Weighted voting right system for listings in Hong Kong

By Fan Xingcheng, Dentons

The Stock Exchange of Hong Kong (HKEx) officially released in April 2018 the Consultation Summary of the Listing Regime for Companies from Emerging and Innovative Sectors. The amendments to the listing rules on the acceptance of listing of companies with weighted-voting-right (WVR) structures included in the Consultation Summary have been in effect since April 30. The move meets the urgent need of innovative companies to gain control through such structures. With the implementation of the Consultation Summary, Xiaomi Corporation and Meituan Dianping, all of which have WVR structures, have gained HKEx listings. This article provides a brief analysis of the HKEx’s listing requirements for entities with WVR structures.

Leader of China Capital Market Practice, Senior Partner

Required qualifications. The HKEx stated in the Consultation Summary that a company hoping to list in Hong Kong under a WVR structure must be able to demonstrate a number of characteristics, including its nature, success of its business, contribution of the structure’s beneficiaries and their roles, and external validation.

Expected market capitalization. The specified minimum market capitalization of a company, with a WVR structure, is HK$10 billion. If a company’s market capitalization is less than HK$40 billion, it is required to have post revenue of not less than HK$1 billion in the last audited financial year before listing. There are no further requirements for a company with a market capitalization of more than HK$40 billion.

Minimum and maximum economic interest at time of listing. According to HKEx recommendations, all WVR beneficiaries must collectively own a minimum of 10% and a maximum of 50% of the underlying economic interest in a company’s total issued share capital at the time of listing. This requirement no longer applies when a company is listed.

Identity restrictions for beneficiaries of WVR shares. The HKEx recommends that beneficiaries of WVR shares be restricted to directors of a company at listing and remain so after that. The restrictions on the identities of beneficiaries of WVR shares are shown in the table on the next page.

Formally, regardless of a limited liability partnership, a trust, a private company, or any other structure, the HKEx’s standards for holding WVR shares without lapse is simple, namely “full authority”, as well as “management and control”. This also shows that the HKEx focuses on whether beneficiaries can guarantee that the shares are not shared or under the control of others. This is consistent with the HKEx’s original intention to restrict the identities of beneficiaries of WVR shares.




Objective Factors

The beneficiary (1) dies; (2) ceases to be a director; (3) is deemed by the HKEx to be incapacitated;

The WVR attached to a beneficiary’s shares will lapse permanently.

Factors of character and morals

(1) The beneficiary is or has been convicted of an offence involving a finding that the beneficiary acted fraudulently or dishonestly;

(2) A disqualification order is made by the court or tribunal of a competent jurisdiction against the beneficiary;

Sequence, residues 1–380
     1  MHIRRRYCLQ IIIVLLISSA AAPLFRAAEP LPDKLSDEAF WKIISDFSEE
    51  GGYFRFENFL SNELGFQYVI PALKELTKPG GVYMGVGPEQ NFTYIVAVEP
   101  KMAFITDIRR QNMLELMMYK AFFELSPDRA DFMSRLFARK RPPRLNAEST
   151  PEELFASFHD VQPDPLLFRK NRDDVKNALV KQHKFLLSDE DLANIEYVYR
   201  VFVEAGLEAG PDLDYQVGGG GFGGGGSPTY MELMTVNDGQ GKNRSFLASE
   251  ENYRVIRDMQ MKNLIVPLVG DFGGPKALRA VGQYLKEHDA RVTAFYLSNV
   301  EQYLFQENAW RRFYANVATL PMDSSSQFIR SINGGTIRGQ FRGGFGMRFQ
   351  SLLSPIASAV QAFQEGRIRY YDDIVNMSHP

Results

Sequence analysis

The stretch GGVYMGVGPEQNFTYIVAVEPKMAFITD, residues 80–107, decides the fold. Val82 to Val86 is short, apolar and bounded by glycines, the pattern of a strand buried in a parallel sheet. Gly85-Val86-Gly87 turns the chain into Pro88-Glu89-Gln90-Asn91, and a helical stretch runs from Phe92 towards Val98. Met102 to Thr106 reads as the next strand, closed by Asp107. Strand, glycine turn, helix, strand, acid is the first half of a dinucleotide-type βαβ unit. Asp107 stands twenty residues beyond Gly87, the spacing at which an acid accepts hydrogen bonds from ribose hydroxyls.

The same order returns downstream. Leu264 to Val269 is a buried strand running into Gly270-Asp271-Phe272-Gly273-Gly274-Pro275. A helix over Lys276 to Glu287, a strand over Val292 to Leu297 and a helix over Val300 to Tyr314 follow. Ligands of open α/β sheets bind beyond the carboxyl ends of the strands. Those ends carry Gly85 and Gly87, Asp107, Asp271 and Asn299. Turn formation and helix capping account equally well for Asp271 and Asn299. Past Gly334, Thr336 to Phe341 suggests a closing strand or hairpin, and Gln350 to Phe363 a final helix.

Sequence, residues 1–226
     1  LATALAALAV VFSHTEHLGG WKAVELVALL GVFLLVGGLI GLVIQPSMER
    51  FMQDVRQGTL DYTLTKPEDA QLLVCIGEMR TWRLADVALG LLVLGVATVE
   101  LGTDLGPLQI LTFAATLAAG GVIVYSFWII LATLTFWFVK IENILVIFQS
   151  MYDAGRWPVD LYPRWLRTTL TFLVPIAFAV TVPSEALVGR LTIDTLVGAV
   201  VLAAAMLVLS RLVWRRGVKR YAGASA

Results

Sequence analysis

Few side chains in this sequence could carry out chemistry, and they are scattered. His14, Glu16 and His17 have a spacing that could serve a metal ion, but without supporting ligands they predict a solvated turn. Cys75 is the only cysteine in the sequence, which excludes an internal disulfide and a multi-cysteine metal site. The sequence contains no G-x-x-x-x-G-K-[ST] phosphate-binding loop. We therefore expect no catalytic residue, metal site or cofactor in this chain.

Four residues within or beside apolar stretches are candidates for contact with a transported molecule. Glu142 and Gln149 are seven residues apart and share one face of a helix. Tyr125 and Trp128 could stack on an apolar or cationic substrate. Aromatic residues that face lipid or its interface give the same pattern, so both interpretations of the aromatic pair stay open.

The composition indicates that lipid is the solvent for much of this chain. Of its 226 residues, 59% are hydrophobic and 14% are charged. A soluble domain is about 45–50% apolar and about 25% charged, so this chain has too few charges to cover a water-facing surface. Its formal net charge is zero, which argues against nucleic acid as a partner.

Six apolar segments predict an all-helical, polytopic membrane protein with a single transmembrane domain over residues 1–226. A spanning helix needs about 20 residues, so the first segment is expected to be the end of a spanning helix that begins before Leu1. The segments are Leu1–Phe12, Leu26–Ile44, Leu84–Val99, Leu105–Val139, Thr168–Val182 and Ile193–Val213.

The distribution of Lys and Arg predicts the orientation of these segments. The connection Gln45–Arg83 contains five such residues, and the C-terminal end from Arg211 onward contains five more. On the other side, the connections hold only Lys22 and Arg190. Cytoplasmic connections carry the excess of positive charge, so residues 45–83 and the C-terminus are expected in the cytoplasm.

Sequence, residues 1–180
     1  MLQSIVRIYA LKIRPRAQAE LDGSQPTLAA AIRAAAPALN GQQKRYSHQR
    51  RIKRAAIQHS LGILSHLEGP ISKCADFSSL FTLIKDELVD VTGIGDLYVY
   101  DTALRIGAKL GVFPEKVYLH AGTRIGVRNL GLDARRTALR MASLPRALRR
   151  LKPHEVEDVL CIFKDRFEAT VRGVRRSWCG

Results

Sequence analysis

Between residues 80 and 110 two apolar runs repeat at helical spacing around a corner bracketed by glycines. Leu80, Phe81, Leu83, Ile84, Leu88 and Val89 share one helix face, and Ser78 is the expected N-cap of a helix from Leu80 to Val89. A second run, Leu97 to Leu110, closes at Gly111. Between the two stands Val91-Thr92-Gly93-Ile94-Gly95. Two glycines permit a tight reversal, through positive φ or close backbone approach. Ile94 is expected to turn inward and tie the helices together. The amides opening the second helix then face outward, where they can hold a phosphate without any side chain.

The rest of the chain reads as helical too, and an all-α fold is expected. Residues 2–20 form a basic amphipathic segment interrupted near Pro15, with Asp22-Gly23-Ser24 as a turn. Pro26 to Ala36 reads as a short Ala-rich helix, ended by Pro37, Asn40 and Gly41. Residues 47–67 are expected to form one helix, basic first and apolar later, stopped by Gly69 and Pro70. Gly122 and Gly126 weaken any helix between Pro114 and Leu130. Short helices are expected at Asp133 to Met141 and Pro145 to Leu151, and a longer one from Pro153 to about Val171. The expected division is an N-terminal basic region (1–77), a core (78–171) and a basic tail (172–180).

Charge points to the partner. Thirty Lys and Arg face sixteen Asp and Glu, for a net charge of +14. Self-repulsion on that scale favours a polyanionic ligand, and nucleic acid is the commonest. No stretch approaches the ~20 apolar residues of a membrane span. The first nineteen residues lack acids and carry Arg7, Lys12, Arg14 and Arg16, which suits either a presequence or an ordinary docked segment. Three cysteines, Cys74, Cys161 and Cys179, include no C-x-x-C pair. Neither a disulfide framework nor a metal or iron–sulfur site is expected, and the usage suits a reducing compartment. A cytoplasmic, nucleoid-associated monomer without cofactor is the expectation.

(3) The beneficiary is found by HKEx to have failed to comply with the requirement that certain corporate actions are conducted on a one-share one-vote basis.

Miscellaneous Restrictions

The beneficiary transfers his/her beneficial interest or economic interest in those WVR shares, or the voting rights attached to them, to another person.

Limits on WVR powers and protection for shareholders under one-share-one-vote standard. The HKEx’s restrictions on WVR are mainly achieved by the multiple of voting rights of related shares and the provision that important matters of a company must be decided on a one-share-one-vote basis. The ratio of voting rights for ordinary shares and WVR shares is generally not more than 1:10. Among the important matters required to be determined on a one-share-one-vote basis are changes to the issuer’s constitutional documents (regardless of the wording and phrasing), variation of rights attached to any class of shares, appointment and removal of independent non-executive directors, appointment and removal of auditors, as well as voluntary winding-up of the issuer.

WVR shares can be converted into ordinary shares. The HKEx also recommends relevant provisions for conversion of WVR shares into ordinary shares. The beneficiaries of WVR shares may convert these shares into ordinary shares voluntarily or according to the provisions of the Listing Rules (for example, when transferring to others) on a one-to-one ratio, that is, each WVR share is converted into one ordinary share.

At the same time, HKEx recommends that, as part of the initial listing application, whenever new WVR shares are to be issued on a pro-rata basis, the issuer, with a WVR structure, should obtain HKEx approval to issue WVR shares and acquire prior approval for the listing of shares to be issued after conversion of WVR shares. In addition, such an issuer should disclose the dilutive effects of conversion of WVR shares into ordinary shares in the listing documents, interim reports and annual reports.

Strengthen disclosure requirements and corporate governance. In the Consultation Summary, the HKEx recommends a strengthening of disclosure requirements, including requirements on the use of stock markers, warning statements and identity disclosure, and enhancement of corporate governance, including adoption of measures in the areas of corporate governance committee, work summary, non-executive directors, compliance adviser/s and risk training.

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Fan Xingcheng is leader of China capital market practice and a senior partner at Dentons

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